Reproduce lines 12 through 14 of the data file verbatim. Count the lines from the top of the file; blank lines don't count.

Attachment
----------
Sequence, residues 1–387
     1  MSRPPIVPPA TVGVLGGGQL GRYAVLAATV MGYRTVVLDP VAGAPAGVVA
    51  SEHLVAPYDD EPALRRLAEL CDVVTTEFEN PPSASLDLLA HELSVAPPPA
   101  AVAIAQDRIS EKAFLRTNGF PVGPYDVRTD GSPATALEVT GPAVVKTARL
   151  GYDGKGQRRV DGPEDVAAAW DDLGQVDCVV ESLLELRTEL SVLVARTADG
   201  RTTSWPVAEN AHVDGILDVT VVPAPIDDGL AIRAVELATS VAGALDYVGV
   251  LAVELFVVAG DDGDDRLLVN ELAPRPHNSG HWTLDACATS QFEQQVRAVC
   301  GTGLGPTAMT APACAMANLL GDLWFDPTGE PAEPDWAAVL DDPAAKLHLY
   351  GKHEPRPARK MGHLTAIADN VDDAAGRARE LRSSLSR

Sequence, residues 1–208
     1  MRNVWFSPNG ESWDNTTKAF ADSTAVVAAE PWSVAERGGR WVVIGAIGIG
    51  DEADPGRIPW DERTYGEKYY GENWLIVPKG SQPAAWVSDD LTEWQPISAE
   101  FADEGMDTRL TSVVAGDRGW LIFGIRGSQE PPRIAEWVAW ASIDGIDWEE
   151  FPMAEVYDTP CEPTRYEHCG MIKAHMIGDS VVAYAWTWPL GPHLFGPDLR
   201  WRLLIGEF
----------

    51  DEADPGRIPW DERTYGEKYY GENWLIVPKG SQPAAWVSDD LTEWQPISAE
   101  FADEGMDTRL TSVVAGDRGW LIFGIRGSQE PPRIAEWVAW ASIDGIDWEE
   151  FPMAEVYDTP CEPTRYEHCG MIKAHMIGDS VVAYAWTWPL GPHLFGPDLR